In 1970, the federal government undertook a program, known as Project Surname, to assign last names to Inuit in northern Canada. These surnames were to replace the personal disc numbers (see Inuit Disc Numbers) that Inuit had been given by the Canadian government in the 1940s. Some Inuit and non-Inuit viewed Project Surname as a more effective and politically correct system of identification. Others saw it as another instrument of paternalism.
Traditional Inuit Names
Before the arrival of Europeans, Inuit had a complex naming tradition. Inuit names reflected what was important in their culture. This included the environment, animals, family and spirits. They believed that names carried life and personality. Consequently, the process of naming a child was about discovering who the child was, who they represented from the past and who they will become.
Elders and family members often offered naming advice to the mothers of newborns. Sometimes, expectant mothers would claim to receive a name for their child from a dream or vision. In other cases, the simple gestures a newborn made could trigger memories of a deceased family member. This person would become the infant’s namesake. As a result, children sometimes received multiple names upon birth in order to decide which one(s) best suited their personality. If a name was thought to be a poor fit for a child, either because it did not reflect their personality or was believed to cause illness and misfortune, their name would be changed.
If a child was named after a living family member, they would often grow to form close bonds with that person. This was because they were now considered part of one another. It was also common for children to be named after lost loved ones. Since names were thought to carry life, naming a child after a deceased family member was a way of bringing that person back to the community. Inuit believed that children would take on some of the characteristics and personality traits of their namesake. However, since Inuit had multiple names, no two people were identical. Each name carried with it different identities and powers.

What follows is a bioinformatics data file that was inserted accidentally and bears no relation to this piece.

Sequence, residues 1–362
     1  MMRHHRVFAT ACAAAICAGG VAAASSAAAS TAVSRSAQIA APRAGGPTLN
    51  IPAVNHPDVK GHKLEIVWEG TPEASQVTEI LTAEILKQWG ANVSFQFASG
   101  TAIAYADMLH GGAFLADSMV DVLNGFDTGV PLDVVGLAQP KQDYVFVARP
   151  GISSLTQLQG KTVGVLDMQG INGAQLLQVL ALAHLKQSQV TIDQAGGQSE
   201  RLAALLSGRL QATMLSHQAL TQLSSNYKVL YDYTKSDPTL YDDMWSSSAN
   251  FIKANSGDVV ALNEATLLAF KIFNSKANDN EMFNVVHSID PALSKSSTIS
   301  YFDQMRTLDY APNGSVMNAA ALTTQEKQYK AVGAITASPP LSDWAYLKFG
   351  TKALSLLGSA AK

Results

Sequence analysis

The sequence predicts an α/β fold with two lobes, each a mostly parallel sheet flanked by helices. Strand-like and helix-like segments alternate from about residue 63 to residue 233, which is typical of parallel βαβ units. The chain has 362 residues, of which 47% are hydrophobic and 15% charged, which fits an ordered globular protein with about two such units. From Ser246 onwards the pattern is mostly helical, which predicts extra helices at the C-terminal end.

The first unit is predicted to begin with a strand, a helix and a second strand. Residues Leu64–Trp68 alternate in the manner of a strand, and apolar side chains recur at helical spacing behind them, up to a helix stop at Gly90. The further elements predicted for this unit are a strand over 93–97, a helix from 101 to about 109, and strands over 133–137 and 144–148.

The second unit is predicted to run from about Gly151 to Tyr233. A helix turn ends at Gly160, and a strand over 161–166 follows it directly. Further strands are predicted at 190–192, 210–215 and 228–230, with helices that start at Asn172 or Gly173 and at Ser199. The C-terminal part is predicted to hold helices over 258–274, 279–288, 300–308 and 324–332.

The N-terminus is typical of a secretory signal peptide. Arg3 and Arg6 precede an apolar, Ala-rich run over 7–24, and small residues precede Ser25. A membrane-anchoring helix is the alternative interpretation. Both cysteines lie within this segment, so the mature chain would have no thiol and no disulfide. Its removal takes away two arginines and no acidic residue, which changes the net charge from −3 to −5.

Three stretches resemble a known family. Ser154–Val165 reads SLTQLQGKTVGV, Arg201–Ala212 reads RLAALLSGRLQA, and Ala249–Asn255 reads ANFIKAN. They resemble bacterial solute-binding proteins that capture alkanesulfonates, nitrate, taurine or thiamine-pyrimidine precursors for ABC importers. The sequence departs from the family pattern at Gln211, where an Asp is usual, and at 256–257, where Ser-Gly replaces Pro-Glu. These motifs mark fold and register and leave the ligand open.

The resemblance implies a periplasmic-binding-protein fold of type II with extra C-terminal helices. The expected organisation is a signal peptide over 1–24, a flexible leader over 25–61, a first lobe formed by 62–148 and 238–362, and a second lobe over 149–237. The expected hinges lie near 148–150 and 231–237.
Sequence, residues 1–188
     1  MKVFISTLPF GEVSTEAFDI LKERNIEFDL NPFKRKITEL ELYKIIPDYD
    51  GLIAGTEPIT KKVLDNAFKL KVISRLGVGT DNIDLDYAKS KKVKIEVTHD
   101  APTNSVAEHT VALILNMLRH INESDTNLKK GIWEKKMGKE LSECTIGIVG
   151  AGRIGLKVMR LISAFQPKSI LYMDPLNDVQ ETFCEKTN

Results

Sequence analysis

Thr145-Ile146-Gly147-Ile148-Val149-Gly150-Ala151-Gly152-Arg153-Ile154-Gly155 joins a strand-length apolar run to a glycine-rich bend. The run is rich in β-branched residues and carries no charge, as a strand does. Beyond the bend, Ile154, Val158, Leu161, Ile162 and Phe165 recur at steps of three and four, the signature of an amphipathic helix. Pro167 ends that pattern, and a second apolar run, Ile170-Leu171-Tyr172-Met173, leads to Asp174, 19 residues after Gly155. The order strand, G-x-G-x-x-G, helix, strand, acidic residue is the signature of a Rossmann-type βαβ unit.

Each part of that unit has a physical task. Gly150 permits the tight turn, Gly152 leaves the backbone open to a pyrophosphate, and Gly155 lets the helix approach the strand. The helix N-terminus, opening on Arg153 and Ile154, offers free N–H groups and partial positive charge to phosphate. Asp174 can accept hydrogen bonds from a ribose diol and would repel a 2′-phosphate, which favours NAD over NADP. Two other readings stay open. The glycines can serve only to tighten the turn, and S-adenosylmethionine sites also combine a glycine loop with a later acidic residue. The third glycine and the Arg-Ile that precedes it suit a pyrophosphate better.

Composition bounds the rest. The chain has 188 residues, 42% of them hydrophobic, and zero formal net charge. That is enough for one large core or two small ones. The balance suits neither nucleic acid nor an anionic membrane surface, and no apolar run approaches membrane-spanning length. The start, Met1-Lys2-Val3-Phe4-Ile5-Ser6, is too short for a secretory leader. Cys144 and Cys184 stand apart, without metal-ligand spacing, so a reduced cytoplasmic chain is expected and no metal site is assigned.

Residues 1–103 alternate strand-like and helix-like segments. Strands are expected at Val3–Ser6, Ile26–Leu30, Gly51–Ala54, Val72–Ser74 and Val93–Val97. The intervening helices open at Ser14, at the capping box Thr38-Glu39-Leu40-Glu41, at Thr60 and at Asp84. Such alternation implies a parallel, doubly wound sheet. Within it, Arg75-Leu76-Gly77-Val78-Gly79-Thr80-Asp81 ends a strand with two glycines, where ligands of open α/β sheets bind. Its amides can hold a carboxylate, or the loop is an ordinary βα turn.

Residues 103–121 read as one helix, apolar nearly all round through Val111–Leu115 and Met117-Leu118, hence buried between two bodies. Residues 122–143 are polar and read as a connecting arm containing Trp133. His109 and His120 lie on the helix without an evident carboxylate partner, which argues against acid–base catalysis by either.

Since names were unique, the Inuit naming system did not recognize shared family names or surnames. Women did not take on the family name of their husbands, as was the tradition among Europeans. Inuit names were also not gender specific. Males could be named after females and vice versa. It was believed that people with the same name were essentially one person, whether male or female. From generation to generation, Inuit namesake traditions served to bond families and communities, simultaneously ensuring the survival of Inuit culture.
Influence of Christian Missionaries and Traders
Christian missionaries and traders living and working in the Canadian North during the 19th and 20th centuries found Inuit naming traditions confusing. Europeans claimed that Inuit names were difficult to pronounce, accurately spell and understand. Some missionaries also believed that traditional Inuit names were related to paganism and shamanism. As a result, Europeans sought to influence the adoption of European names among Inuit. Missionaries encouraged Inuit to adopt their baptismal, Christian names as their official names. This new system introduced gender-specific, Euro-Christian names to Inuit communities.